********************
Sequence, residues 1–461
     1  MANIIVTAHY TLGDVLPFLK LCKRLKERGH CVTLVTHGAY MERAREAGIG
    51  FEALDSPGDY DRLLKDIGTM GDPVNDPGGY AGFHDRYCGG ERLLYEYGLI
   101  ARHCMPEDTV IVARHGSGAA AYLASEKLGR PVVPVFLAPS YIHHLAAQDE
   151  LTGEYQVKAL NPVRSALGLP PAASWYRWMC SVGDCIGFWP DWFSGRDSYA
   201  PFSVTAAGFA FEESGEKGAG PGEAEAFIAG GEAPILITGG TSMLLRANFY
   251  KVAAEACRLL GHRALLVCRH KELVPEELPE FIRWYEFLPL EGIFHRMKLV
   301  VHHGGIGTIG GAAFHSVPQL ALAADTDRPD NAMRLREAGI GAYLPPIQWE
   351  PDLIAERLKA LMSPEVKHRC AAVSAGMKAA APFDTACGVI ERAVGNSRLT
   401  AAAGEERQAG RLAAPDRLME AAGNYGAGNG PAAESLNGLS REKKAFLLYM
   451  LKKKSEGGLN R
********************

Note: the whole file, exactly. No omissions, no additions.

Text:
Sequence, residues 1–461
     1  MANIIVTAHY TLGDVLPFLK LCKRLKERGH CVTLVTHGAY MERAREAGIG
    51  FEALDSPGDY DRLLKDIGTM GDPVNDPGGY AGFHDRYCGG ERLLYEYGLI
   101  ARHCMPEDTV IVARHGSGAA AYLASEKLGR PVVPVFLAPS YIHHLAAQDE
   151  LTGEYQVKAL NPVRSALGLP PAASWYRWMC SVGDCIGFWP DWFSGRDSYA
   201  PFSVTAAGFA FEESGEKGAG PGEAEAFIAG GEAPILITGG TSMLLRANFY
   251  KVAAEACRLL GHRALLVCRH KELVPEELPE FIRWYEFLPL EGIFHRMKLV
   301  VHHGGIGTIG GAAFHSVPQL ALAADTDRPD NAMRLREAGI GAYLPPIQWE
   351  PDLIAERLKA LMSPEVKHRC AAVSAGMKAA APFDTACGVI ERAVGNSRLT
   401  AAAGEERQAG RLAAPDRLME AAGNYGAGNG PAAESLNGLS REKKAFLLYM
   451  LKKKSEGGLN R